TRENTON - Senators heard testimony Thursday on a controversial bill that would impose a 2 percent cap on annual increases in the total cost of a public employee's salary and benefits.

The bill, sponsored by Sen. Michael Doherty (R., Warren), is one of two considered the most provocative in Gov. Christie's property-tax-reform "tool kit." The other concerns civil-service changes.

Christie proposed the "tool kit" over the summer to rein in the state's property taxes, which are among the highest in the nation. He has repeatedly criticized lawmakers for not taking action on the legislation quickly enough and urged them to approve the measures by year's end.

The Senate's State Government, Wagering, Tourism, and Historic Preservation Committee heard testimony from advocates and critics on the legislation, but did not vote.

The bill would limit both interest-arbitration awards, which can apply to police and firefighter contracts, and collective-negotiation agreements.

The bill "really ends collective bargaining as we know it," said Sen. Jim Whelan (D., Atlantic), the committee chairman. "This is not a minor change."

Unions representing police, firefighters, and other government workers harshly criticized the bill.

Had the cap been in place in 1968, when the state passed its first public-sector collective-bargaining law, teachers would earn an average of $20,715 today, Vince Giordano, executive director of the New Jersey Education Association, told the committee.

That figure, he noted, is below the poverty line for a family of four. A family of three earning that amount would qualify for food stamps.

"What sort of schools would we have today if we paid our teachers $20,000 per year?" Giordano said. "What sort of education would our children get if that is the value we placed on educators?"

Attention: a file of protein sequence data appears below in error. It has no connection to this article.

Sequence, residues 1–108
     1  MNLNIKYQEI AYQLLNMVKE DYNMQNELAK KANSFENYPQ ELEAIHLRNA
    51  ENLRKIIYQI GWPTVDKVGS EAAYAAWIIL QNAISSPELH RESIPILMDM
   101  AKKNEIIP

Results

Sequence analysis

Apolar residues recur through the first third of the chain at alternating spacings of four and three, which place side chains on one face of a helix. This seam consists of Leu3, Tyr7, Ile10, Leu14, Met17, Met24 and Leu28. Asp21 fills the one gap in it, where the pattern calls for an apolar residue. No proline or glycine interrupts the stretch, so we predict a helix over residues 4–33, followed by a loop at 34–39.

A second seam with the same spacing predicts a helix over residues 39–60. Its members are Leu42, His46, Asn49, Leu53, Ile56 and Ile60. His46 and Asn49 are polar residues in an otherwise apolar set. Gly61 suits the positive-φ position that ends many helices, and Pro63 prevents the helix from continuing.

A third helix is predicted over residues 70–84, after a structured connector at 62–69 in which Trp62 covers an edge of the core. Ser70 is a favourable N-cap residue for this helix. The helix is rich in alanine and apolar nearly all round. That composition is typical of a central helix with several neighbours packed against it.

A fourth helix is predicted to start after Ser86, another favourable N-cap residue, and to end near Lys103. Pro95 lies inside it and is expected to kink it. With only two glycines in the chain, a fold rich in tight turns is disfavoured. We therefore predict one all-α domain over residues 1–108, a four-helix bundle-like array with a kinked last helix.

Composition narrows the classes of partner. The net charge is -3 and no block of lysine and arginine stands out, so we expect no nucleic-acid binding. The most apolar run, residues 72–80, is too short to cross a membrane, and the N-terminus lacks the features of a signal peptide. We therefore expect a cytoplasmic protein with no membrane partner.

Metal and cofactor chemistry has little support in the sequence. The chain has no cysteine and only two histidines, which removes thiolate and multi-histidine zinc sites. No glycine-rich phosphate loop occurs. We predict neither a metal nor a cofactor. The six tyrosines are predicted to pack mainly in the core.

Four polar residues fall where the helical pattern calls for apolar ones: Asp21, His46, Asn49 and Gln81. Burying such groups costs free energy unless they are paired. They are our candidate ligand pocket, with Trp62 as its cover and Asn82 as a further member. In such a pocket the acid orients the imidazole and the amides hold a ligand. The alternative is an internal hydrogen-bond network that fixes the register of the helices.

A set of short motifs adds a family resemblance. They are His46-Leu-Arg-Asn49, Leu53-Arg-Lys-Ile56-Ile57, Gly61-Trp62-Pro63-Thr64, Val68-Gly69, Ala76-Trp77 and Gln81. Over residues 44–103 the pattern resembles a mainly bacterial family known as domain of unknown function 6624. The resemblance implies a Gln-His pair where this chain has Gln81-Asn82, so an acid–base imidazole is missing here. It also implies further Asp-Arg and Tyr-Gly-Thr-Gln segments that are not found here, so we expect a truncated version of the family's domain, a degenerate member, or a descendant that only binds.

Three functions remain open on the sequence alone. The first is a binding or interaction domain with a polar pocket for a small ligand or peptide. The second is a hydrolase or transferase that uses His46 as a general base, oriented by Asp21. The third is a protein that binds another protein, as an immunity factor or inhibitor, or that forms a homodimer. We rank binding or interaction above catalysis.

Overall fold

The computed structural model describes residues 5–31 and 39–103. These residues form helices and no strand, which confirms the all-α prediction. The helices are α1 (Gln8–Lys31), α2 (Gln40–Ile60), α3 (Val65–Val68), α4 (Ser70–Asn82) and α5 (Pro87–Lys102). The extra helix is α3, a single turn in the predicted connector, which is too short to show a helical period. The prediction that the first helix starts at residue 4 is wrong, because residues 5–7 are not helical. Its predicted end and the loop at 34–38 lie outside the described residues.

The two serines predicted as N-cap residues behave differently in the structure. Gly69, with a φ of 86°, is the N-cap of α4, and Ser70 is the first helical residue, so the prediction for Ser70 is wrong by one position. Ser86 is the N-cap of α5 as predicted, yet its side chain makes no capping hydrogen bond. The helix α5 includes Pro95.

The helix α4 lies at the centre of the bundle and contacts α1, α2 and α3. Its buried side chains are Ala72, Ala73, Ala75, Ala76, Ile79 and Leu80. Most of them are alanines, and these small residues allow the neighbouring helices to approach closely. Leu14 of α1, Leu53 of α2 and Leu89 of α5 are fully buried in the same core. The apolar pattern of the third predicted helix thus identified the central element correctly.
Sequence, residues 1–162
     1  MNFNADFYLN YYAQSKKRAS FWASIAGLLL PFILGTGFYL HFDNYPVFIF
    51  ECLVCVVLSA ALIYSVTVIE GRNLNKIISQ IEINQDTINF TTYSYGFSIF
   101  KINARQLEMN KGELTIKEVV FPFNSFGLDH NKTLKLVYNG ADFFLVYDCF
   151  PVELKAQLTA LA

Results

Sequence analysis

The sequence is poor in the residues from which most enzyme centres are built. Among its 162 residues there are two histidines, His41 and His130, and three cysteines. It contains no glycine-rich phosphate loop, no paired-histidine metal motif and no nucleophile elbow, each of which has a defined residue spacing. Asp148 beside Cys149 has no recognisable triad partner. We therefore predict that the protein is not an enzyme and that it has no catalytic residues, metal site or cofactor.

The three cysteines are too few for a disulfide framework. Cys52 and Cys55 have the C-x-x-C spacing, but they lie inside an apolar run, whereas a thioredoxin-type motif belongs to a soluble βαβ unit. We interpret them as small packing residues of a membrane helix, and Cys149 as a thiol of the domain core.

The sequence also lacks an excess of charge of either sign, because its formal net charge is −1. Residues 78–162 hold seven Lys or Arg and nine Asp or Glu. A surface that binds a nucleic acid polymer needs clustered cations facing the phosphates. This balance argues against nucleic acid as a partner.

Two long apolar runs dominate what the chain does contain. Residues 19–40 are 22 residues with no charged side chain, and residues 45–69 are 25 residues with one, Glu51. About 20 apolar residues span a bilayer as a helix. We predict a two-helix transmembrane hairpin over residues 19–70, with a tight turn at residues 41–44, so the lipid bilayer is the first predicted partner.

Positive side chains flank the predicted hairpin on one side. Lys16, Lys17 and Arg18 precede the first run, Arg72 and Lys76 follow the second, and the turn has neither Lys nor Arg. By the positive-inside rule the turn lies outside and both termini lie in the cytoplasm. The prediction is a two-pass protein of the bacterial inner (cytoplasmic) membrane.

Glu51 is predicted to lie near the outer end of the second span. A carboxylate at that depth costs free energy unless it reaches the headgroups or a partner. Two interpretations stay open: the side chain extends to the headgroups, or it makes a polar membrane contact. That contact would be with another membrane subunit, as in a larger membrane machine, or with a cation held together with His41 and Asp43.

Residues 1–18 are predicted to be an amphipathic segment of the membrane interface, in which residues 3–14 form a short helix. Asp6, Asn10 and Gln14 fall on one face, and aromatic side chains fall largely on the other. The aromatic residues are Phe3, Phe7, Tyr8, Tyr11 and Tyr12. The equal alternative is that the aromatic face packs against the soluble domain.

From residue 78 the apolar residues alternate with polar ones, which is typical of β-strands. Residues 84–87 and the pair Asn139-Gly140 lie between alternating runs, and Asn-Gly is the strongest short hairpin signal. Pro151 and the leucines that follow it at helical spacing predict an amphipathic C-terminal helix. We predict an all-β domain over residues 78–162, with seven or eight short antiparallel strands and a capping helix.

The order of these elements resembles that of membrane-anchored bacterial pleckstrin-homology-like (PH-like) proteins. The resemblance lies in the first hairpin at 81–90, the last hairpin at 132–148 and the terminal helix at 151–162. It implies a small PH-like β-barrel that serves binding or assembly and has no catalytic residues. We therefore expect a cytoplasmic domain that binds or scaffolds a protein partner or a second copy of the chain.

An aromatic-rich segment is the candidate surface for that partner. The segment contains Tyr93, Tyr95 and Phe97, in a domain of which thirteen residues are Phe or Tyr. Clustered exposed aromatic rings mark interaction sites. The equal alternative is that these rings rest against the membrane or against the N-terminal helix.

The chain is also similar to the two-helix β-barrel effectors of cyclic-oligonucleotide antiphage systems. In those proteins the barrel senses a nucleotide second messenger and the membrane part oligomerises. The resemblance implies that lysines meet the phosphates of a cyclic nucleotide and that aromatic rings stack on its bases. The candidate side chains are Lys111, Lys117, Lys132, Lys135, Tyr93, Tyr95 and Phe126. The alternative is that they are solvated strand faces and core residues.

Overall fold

The binding-arbitration system works, testified Anthony Wieners, president of the Policemen's Benevolent Association. He noted that awards over the last decade had declined in line with the economy.

"It has become easy to scapegoat arbitration as the bogeyman of property-tax increases," Wieners said.

But mayors argued that with the 2 percent cap on property-tax increases to go into effect in January, they needed help from the state to achieve savings without drastic cuts in essential services.

In Rumson, recently arbitrated awards of more than 2 percent for police - before accounting for benefits - mean other personnel would have to be cut, Mayor John Ekdahl told the committee.

"If we have to pay police 2.75 percent, we have to let some of these other employees go, or give them virtually no raise at all to keep them employed," Ekdahl said. "We've created a privileged class of employees, which, on its face, just does not seem fair."

Ken Pringle, mayor of Belmar since 1990, said police compensation had been a key driver in property-tax hikes.

From 1990 to 2010, he said, the tax levy in the town increased 43 percent. But for police salaries and benefits, costs doubled between 1996 and 2009, he said.

Sen. Bob Gordon (D., Bergen), a member of the committee, said at the conclusion of the hearing that the bill was a "complex issue" and would require careful deliberation.